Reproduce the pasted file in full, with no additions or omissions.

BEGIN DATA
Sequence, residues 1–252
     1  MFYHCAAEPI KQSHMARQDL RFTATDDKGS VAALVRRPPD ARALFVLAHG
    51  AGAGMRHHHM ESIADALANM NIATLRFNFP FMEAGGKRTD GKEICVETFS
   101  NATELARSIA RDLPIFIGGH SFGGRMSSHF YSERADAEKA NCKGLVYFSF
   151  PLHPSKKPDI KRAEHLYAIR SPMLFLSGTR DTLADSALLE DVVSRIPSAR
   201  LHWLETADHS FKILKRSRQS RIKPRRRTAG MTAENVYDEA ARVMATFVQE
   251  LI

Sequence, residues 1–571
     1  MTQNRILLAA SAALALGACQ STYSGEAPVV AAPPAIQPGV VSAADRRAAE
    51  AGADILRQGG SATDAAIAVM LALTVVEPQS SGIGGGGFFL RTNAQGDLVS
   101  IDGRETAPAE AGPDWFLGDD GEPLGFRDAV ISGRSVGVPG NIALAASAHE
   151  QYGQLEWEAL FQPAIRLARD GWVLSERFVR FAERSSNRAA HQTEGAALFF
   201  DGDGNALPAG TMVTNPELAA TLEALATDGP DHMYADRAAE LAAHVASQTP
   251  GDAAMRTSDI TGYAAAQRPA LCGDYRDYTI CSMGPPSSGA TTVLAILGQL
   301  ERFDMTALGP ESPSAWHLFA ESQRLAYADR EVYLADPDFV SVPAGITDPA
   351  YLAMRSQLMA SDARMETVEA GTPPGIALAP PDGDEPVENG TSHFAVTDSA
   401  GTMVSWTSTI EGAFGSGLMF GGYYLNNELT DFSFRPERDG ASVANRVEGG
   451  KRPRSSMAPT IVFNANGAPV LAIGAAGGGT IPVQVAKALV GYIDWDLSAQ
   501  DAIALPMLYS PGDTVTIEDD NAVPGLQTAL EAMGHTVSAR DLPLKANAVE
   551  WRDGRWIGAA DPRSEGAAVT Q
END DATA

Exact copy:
Sequence, residues 1–252
     1  MFYHCAAEPI KQSHMARQDL RFTATDDKGS VAALVRRPPD ARALFVLAHG
    51  AGAGMRHHHM ESIADALANM NIATLRFNFP FMEAGGKRTD GKEICVETFS
   101  NATELARSIA RDLPIFIGGH SFGGRMSSHF YSERADAEKA NCKGLVYFSF
   151  PLHPSKKPDI KRAEHLYAIR SPMLFLSGTR DTLADSALLE DVVSRIPSAR
   201  LHWLETADHS FKILKRSRQS RIKPRRRTAG MTAENVYDEA ARVMATFVQE
   251  LI

Sequence, residues 1–571
     1  MTQNRILLAA SAALALGACQ STYSGEAPVV AAPPAIQPGV VSAADRRAAE
    51  AGADILRQGG SATDAAIAVM LALTVVEPQS SGIGGGGFFL RTNAQGDLVS
   101  IDGRETAPAE AGPDWFLGDD GEPLGFRDAV ISGRSVGVPG NIALAASAHE
   151  QYGQLEWEAL FQPAIRLARD GWVLSERFVR FAERSSNRAA HQTEGAALFF
   201  DGDGNALPAG TMVTNPELAA TLEALATDGP DHMYADRAAE LAAHVASQTP
   251  GDAAMRTSDI TGYAAAQRPA LCGDYRDYTI CSMGPPSSGA TTVLAILGQL
   301  ERFDMTALGP ESPSAWHLFA ESQRLAYADR EVYLADPDFV SVPAGITDPA
   351  YLAMRSQLMA SDARMETVEA GTPPGIALAP PDGDEPVENG TSHFAVTDSA
   401  GTMVSWTSTI EGAFGSGLMF GGYYLNNELT DFSFRPERDG ASVANRVEGG
   451  KRPRSSMAPT IVFNANGAPV LAIGAAGGGT IPVQVAKALV GYIDWDLSAQ
   501  DAIALPMLYS PGDTVTIEDD NAVPGLQTAL EAMGHTVSAR DLPLKANAVE
   551  WRDGRWIGAA DPRSEGAAVT Q